South Africans using Apple and Google Android-based smartphones can look forward to being able to accept credit- and cheque-card payments using their mobile phones from early next month, thanks to a Cape Town-based start-up that is launching a new service called CheqOut next month.
CheqOut founder Bradley Elliott says the service will also support BlackBerry devices in coming months. The service is aimed mainly at small businesses with low turnover that can’t justify the cost of a dedicated card machine for accepting payments. It’s similar, in a way, to the popular Square solution available in the US.
Those wishing to use the service will receive a card reader for free, with CheqOut recouping the money from the fees it levies on transactions. Though the fee structure has already been finalised, Elliott says this won’t be made public until the official launch in early April.
The CheqOut readers analyse the magnetic stripe on credit cards and cheque cards. Chip-and-PIN technology is not yet supported.
“Chip readers present a number of problems,” Elliott explains. “They’re only available for Apple products, they’re quite expensive — which drives up operating costs and, in turn, fees – and you have to pay a licensing fee to Apple to use those readers.”
However, CheqOut is in talks with a supplier about the possibility of introducing chip readers in future.
According to Elliott, the service works like an online payment system, except users swipe a card instead of entering the card number and other information. The transaction still goes through the bank. “It’s an online payment, but through a mobile interface,” he explains.
Elliott says he doesn’t expect resistance from local banks and that if there is any pushback it’s likely to come from card companies. “They might look at it as us taking clients [from them], but we look at it as a value-add in the retail chain.”
He says CheqOut is ideal for merchants who don’t want or can’t justify the cost of a credit-card machine. “We are opening up card companies’ services to new markets,” he adds.
CheqOut uses what Elliott calls a secure three-layer security system and although it is possible to do a card-less transaction by inputting the necessary information manually, this should only be done in instances where a card is damaged or fails for a similar reason. Customers will still be required to sign on-screen to “protect the merchant”.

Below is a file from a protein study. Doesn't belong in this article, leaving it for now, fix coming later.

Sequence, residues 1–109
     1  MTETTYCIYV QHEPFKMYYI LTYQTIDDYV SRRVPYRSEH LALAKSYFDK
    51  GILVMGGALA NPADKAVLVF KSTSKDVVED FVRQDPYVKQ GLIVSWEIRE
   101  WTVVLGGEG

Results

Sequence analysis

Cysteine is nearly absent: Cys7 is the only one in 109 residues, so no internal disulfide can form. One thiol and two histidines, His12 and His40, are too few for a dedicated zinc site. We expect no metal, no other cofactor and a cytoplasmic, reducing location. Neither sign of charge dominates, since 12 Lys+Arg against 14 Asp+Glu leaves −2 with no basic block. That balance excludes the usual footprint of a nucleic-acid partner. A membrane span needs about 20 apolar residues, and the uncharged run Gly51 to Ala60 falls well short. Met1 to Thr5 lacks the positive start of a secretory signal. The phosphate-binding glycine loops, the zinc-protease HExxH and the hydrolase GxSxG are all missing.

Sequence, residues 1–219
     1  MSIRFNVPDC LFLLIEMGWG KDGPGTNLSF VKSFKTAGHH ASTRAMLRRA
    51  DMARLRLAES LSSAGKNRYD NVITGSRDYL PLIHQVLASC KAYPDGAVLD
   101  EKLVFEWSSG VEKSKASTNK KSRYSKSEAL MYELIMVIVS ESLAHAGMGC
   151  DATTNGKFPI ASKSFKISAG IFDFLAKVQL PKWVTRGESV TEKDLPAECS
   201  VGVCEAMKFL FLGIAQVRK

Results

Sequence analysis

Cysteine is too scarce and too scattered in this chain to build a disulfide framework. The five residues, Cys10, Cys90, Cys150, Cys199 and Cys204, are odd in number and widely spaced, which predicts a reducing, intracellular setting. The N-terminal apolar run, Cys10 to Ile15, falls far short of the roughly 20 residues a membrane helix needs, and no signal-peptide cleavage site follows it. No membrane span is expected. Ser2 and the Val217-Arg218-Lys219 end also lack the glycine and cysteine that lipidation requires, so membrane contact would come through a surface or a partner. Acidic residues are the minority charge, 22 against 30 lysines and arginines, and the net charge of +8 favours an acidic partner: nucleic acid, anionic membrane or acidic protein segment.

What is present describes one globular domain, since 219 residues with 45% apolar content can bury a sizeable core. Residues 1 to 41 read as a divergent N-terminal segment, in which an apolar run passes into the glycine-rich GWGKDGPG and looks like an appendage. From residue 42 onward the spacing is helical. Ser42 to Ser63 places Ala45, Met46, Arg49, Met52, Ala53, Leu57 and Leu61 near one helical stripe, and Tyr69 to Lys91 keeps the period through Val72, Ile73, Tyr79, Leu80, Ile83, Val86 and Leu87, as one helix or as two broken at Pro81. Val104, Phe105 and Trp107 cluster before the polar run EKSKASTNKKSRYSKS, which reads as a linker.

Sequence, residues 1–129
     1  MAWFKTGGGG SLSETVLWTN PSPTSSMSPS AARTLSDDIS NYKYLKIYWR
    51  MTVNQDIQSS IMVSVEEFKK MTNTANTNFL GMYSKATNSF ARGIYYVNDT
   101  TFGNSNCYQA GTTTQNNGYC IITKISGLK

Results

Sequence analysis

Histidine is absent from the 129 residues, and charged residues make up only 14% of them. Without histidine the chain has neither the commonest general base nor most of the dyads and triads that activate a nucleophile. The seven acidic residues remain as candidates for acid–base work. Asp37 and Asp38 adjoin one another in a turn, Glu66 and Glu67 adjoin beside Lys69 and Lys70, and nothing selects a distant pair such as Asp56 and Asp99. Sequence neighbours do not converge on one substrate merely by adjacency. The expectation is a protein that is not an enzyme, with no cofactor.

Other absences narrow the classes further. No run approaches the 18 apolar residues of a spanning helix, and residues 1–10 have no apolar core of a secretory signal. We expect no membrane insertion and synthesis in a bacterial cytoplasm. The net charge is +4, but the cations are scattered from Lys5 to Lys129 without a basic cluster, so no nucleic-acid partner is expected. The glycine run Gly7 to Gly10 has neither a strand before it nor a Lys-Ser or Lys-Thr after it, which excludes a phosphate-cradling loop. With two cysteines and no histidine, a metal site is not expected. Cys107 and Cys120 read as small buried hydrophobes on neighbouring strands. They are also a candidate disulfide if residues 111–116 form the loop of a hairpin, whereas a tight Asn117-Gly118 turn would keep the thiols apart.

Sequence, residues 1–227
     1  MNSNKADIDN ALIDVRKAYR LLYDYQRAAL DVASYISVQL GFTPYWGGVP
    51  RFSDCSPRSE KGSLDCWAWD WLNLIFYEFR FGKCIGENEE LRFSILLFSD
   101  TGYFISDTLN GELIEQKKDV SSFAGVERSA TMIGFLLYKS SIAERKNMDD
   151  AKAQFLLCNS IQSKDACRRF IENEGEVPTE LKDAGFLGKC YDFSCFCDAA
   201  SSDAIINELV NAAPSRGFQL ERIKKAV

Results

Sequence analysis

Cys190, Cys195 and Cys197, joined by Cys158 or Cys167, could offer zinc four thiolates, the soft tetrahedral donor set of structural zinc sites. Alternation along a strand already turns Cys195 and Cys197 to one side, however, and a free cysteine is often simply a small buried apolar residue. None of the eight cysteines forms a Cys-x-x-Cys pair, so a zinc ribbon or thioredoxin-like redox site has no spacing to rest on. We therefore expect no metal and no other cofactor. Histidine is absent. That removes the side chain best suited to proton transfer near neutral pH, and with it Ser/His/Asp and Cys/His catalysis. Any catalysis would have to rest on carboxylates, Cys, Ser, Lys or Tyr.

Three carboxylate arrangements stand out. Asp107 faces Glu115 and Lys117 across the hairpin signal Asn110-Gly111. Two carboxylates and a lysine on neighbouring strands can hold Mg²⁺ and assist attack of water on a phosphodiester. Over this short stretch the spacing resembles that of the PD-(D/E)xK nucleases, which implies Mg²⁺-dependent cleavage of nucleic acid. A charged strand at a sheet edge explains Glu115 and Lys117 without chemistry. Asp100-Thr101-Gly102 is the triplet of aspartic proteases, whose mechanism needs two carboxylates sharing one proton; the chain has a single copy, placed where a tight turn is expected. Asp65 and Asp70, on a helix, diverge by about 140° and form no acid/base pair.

Elliott is a director at digital marking company Platinum Seed and although CheqOut is a separate company, Platinum Seed has provided the first round of funding for the venture.
Though there are plans to take the service into the rest of Africa and possibly into other emerging markets, Elliott says CheqOut wants to focus on SA for now and realises there are specific obstacles in each country that make roll-out challenging.
CheqOut is meant for a wide range of users, from small business owners with low turnover to open-air markets to formal-sector taxi drivers.
The application uses HTML, which is wrapped in a proprietary interface and Elliott says this is one of the reasons the app won’t be launched on BlackBerry devices at first.
“We wanted to have first-mover market by being first to market and we could do that with the high-quality iOS and Android products. We know that BlackBerry is still hugely popular in SA and we intend to cater for that market, but getting to market quickly was most important.”
Elliott says CheqOut is not a payment gateway, in part because of the amount of regulation that entails. “We would like to become one in time to reduce the fees, but doing that comes with server infrastructure costs in addition to the legislation and regulation surrounding it.”
Regarding the as-yet-undisclosed fees structure, Elliott says there is “no sliding scale, only a flat rate”.
“We’ve done the maths and if you turn over R30 000/month through a card machine, you’re paying around R900/month for the machine, fees of R200 and a rate of around 5,2% per swipe,” he says. “The fees to us will effectively be around R900 on R30 000, which gives you an idea of the rate we’re looking at.”
Although anyone can sign up for the service, and can receive cash payments in much the same way one can with Square in the US, CheqOut users will only get a reader if they enable card payments on the app. Interested parties can sign up at www.cheqout.co.za before the launch. — Craig Wilson, TechCentral
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